Vekke 01-25-2012 04:56 AM

For venctonomy. Extra 10 liters or 8.4 kg in the tank increases fuel consumption about 0.3% to 0.6%. Difference in diesel price between various stations can be easily over 10% at least in Finland. Calculate which saves more if you can drive over 200 km more and the cheapest station happens to be on your way... So you are able to get to the cheapest station more often than with "smaller" tank.

If the cheapest station is next to you it does not help so much, but even then you can do longer trips without the need to fill in at those more expensive pumps.

And yes Geo Metropolis I think your theory works just fine.

johnunit 01-25-2012 01:20 PM

Quote:

Originally Posted by euromodder (Post 281765)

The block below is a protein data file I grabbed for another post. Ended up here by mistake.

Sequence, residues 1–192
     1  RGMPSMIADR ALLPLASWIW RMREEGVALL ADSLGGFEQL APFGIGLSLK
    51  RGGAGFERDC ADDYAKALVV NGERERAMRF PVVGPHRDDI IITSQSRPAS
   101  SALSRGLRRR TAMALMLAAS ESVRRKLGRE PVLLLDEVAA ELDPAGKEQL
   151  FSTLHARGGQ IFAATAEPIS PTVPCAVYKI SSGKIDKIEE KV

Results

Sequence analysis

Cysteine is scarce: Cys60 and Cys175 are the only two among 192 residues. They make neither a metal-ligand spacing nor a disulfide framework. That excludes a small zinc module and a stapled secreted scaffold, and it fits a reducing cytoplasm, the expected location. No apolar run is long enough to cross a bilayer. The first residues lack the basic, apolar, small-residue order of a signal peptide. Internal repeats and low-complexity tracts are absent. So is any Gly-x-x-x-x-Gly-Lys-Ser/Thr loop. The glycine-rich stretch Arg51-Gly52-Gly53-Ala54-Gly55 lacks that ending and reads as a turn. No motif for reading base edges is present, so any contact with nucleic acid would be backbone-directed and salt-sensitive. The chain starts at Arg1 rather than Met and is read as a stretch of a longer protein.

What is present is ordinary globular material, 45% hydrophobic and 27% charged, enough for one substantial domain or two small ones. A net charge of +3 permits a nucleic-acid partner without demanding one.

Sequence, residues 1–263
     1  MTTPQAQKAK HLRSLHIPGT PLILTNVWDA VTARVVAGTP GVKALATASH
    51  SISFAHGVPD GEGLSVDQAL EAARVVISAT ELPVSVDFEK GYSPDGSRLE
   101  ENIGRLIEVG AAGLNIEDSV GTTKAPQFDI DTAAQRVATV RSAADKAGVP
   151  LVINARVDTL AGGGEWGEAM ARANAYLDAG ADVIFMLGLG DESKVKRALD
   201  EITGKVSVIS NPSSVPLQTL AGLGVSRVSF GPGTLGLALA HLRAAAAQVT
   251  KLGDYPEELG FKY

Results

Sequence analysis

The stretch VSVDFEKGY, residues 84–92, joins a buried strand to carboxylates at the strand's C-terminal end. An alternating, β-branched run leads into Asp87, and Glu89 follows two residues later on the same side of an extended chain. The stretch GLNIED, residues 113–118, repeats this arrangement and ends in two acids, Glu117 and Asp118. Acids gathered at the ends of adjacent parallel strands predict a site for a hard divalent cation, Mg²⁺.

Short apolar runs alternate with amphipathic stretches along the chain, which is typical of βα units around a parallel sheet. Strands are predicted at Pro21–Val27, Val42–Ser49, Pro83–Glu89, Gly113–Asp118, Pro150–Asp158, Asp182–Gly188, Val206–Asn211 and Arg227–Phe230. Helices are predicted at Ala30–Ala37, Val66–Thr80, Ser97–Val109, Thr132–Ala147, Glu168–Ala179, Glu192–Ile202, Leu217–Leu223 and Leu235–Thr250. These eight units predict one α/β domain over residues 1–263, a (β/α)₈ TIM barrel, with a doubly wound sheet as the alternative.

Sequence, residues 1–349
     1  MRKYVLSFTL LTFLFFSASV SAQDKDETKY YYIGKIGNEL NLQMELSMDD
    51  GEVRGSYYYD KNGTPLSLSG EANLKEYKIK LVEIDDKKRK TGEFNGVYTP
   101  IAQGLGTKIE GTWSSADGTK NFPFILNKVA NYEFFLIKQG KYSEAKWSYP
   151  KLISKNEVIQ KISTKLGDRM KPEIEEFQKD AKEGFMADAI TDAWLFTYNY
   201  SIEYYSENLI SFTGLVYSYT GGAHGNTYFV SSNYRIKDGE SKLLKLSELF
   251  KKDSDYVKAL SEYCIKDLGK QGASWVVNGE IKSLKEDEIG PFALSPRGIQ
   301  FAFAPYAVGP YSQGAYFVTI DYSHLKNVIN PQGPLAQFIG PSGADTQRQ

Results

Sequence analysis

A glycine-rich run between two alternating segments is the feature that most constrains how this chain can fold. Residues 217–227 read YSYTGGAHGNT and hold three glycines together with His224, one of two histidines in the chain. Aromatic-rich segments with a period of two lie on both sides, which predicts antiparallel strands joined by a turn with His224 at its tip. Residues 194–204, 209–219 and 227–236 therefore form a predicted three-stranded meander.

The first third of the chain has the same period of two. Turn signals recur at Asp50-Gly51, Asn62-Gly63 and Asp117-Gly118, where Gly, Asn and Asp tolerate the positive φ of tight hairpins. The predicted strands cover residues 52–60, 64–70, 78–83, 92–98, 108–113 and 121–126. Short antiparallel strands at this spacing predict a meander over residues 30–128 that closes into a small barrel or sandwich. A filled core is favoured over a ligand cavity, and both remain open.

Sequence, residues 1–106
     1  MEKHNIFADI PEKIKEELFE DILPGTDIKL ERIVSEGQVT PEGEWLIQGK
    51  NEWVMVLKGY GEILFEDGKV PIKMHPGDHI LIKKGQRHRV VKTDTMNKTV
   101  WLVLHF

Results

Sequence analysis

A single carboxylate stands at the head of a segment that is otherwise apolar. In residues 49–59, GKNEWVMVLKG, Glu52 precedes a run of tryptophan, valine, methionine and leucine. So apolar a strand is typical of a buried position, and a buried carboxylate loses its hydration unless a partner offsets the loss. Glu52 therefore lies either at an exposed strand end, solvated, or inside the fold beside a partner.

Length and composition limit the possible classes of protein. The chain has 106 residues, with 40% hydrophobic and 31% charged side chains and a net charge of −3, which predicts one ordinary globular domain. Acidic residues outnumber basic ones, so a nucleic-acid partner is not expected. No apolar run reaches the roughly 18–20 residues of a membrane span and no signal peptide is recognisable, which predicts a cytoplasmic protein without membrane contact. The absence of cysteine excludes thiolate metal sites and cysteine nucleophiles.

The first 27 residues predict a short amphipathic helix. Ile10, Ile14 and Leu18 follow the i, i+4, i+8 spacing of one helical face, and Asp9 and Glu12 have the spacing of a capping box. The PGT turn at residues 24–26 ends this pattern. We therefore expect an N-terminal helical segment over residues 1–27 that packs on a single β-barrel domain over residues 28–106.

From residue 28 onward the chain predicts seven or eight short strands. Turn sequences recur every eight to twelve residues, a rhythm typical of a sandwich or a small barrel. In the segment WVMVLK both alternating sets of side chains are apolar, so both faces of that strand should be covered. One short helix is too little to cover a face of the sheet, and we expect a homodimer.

You could also drive until the reserve light comes on solidly, then always fill up ASAP with the same volume of fuel.

You won't have a tank average, but you can monitor your miles-to-reserve-on-X-gallons and try to better that number.

You can make it more accurate of keeping track of how many miles you do before filling up, and adding them to the next miles-to-reserve.


That said, the weight savings of half a tank won't matter very much when there's 3 people and their luggage in the car.

Of the 4 cars I've driven regularly enough to have an idea of when the low/reserve gas light comes on, none of them have been anywhere near reliable. one of them (admittedly an old lug of a car) has a 2+ gallon variation in terms of when it comes on. It's also heavily influenced by the angle the car is on. Sort of the same flaws as logging by analog gas gauge, really.